Thursday, 24 June 2010

Deep Thoughts



Tomorrow, Friday 25th, we're driving down to Cornwall for a week, to recharge our batteries. I'm hoping to get some writing done somewhere along the way, so the laptop will be coming too. If I can get access to the internet, I might even post now and then.



Anyhow, I'll leave you with this wonderful quote from Speckly-Woo! As we were returning home from a walk to our village shop, yesterday, she noticed the long grasses growing on some nearby common-land. She paused for a moment, and then declared, "I like tall grass, but not deep water." 

Oh for the mind of a child.



© 2010, copyright Martin T. Hodges

Post-Punk, Parenthood and Promise

I have to thank Kat Mortensen for inviting me back to the 80s.

For me, like many of my generation living in the UK at the time, that decade will always be defined by the huge social and economic upheaval that came about, courtesy of the Thatcher government. I was one of the 4 million unemployed, an experience that continues to shape my thinking today.


On 17th January, 1981, this young family took a leap into the unknown and moved a couple of hundred miles to the west of everything they were familiar with.


We didn't have any connection with Cornwall, yet we were convinced it was the perfect place to build a life and raise a child. After three months of trailing around, looking for work, I landed a job in an entertainment complex, where I would keep the bars stocked with booze. That was the first of many turning points for us. I recall, we had just enough money for the fare to get me to the interview. It was a long walk back.

So, it's that summer of 1981 that I'm writing about here. A long, hot, busy season by the sea, earning a little over £1 an hour. With chart-topping bands playing most nights at the Cornwall Coliseum, I didn't finish my shifts until the small hours. You can do the arithmetic. Fourteen hours earned me something in the region of £15.

There are lots of stories to tell, though not all suitable for this blog as, inevitably, some of the rock 'n' roll left its mark. For instance, a colleague had his car dumped into the olympic size swimming pool by an over exuberant Rainbow road crew. Another time, I was roped in, along with every other able bodied male, one exceptionally humid evening, to carry out Adam Ant fans who had collapsed in the stifling heat. I'm only sorry I don't have a picture of the line of semi-conscious partygoers laid outside in the fading light, with only a heavy drizzle to bring them round.

It fell to me to put up the drinks orders for the likes of The Tubes, Dr Hook, The Jam, UB40, Ultravox and countless others. Great blue bins of alcohol were delivered to the dressing rooms. Even now, I find it hard to see how so much could be consumed by the average band, but consume it they did.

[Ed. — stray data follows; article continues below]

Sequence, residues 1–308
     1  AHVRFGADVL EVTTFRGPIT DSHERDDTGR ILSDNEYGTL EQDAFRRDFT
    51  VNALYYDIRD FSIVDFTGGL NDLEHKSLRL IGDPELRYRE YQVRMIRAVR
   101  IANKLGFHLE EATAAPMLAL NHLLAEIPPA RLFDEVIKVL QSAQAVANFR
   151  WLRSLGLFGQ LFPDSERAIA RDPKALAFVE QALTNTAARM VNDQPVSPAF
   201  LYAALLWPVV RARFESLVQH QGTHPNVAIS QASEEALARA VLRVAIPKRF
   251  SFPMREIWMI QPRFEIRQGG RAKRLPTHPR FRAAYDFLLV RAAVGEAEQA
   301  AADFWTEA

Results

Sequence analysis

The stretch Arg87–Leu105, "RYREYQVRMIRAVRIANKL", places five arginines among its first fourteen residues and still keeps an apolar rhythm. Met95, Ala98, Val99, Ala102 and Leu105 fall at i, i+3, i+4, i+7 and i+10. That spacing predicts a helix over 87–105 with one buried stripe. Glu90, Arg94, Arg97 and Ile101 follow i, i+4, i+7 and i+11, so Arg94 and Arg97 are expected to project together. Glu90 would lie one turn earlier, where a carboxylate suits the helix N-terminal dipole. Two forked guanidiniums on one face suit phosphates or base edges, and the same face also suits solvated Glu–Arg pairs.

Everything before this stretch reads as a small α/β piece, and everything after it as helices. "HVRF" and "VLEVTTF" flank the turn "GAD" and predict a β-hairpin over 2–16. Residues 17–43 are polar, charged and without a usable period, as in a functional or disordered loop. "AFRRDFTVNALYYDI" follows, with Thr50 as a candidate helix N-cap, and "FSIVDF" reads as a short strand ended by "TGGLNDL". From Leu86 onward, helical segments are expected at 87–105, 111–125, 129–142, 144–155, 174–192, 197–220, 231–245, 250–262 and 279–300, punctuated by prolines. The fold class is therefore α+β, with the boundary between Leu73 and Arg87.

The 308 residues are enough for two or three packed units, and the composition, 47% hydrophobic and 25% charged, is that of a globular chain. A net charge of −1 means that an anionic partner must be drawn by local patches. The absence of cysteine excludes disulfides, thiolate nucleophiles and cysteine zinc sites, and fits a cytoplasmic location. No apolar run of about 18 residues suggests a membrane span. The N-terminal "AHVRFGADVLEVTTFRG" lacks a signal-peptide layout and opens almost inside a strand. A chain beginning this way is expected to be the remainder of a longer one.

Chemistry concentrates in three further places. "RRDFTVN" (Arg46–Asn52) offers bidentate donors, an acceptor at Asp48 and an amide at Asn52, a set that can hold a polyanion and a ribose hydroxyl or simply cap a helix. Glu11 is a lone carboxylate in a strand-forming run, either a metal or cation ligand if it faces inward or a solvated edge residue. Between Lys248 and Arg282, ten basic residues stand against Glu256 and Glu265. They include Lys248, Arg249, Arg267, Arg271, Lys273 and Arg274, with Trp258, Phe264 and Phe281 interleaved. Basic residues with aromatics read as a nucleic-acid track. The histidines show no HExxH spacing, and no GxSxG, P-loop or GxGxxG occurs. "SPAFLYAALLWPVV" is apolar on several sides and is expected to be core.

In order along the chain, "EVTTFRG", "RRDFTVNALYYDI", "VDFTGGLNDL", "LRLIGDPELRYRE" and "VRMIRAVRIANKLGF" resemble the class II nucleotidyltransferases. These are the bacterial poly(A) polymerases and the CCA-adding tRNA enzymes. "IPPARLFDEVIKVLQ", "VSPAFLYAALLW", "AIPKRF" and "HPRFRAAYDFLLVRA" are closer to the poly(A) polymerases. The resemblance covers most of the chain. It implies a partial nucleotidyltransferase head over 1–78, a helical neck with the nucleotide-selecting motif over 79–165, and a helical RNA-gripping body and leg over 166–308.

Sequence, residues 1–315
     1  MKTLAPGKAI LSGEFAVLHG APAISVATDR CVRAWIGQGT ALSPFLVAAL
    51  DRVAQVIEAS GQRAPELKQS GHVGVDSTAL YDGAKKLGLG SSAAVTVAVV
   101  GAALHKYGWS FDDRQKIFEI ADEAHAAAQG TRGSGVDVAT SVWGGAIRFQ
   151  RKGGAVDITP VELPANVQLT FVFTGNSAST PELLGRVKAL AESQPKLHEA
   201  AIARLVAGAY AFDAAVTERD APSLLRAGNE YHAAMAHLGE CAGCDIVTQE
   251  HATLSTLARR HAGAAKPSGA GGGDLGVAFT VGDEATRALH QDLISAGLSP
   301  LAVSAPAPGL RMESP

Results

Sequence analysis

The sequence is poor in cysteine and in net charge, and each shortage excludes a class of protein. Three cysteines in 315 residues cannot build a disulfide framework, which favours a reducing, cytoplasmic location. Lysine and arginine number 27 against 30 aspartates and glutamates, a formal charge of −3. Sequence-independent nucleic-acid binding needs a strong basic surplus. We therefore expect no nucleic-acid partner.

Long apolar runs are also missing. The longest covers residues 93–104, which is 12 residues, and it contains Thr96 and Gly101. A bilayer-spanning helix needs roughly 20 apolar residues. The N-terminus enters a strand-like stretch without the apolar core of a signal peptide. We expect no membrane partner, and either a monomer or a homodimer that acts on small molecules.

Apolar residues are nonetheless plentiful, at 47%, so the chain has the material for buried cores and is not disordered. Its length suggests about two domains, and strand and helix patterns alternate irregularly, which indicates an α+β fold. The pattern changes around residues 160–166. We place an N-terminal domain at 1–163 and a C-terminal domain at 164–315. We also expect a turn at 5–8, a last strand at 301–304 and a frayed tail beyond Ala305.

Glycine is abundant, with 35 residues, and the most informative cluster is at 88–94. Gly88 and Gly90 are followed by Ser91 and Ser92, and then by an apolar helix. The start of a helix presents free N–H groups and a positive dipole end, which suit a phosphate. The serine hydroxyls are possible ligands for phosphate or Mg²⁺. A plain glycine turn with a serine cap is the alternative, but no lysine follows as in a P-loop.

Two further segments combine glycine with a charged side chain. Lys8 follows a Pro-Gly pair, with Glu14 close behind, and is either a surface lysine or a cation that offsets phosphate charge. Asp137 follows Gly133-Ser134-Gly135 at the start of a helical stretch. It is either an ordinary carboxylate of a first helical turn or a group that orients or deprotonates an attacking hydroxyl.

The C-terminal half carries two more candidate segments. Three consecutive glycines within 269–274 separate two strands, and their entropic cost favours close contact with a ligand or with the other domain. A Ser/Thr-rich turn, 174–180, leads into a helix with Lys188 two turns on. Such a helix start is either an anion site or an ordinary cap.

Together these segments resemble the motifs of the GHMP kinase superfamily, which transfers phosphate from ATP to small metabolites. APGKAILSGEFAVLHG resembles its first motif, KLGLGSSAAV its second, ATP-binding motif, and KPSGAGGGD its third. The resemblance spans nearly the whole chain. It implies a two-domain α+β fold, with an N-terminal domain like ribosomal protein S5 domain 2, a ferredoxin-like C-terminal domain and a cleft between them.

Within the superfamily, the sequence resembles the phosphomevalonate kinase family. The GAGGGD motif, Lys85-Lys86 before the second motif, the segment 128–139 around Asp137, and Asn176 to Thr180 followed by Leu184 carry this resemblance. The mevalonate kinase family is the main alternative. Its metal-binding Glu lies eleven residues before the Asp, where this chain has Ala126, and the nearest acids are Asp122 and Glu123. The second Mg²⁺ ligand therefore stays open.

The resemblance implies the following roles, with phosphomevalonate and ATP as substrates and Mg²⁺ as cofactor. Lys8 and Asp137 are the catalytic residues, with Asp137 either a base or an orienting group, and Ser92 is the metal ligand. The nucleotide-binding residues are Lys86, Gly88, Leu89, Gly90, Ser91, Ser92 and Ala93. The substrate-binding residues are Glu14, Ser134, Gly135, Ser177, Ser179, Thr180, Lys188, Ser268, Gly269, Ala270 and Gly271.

It wasn't all sex, drugs and rock 'n' roll though. Arguably, one of the real highlights was running into town for a jar of honey and some fresh lemons. Why? Well, to ease the sore throat of one Ray Davies, of course! The Kinks' legend was suffering, and I was despatched to pick up the remedy. I actually handed the goods over to him myself. Then, in a somewhat surreal postscript, I found myself standing on the same stage, during a soundcheck, watching him singing Waterloo Sunset.

The job lasted for 18 months before redundancy struck. There followed almost four years of more lows than highs, but I eventually got a break with my writing. Another major turning point.

Perhaps more posts from this era sometime. For now, I have to thank Kat for the idea of harking back 30 years or so.




© 2010, copyright Martin T. Hodges

Friday, 18 June 2010

Sepia Saturday: Swing-time


This picture of my maternal grandparents, Asher and Hilda Gregory, encapsulates the spirit of my early childhood. Have we got rope and a piece of board? Great, let's build a swing!



And my grandfather's inventiveness didn't stop at swings. He once ran a length of cable between two apple trees and spent all day improvising a 'commando-style' pulley wheel, with hand-grips for me to hang on to. Halfway through my dangling, swaying, death-defying, trial run, it dawned on him that I wouldn't be able to stop before I reached the tree at the end. I heard him tell me to jump, which I did, landing unceremoniously in a series of forward rolls and uncontrollable laughter.

He was a big fan of 'French' cricket and badminton. We played croquet (home- made mallets and hoops, and recycled cricket balls) and even ventured into the surreal world of 'clock' golf. 

Whenever there was a new craze, he would replicate it in his own inimitable style. But some fun things were the products of his own childlike imagination. I remember how he fashioned celluloid flying saucers and launched them with huge rubber bands cut from old inner tubes of worn out tyres. Given the strength needed, I think this was one for him, rather than me. There was a see-saw/roundabout combination that involved the use of a long plank and an oil drum, a tree house and a wooden box on a set of old pram wheels.

As I relate these things to you, I'm thinking it's probably luck that I'm here to tell the tale.

This is a Sepia Saturday post.



© 2010, copyright Martin T. Hodges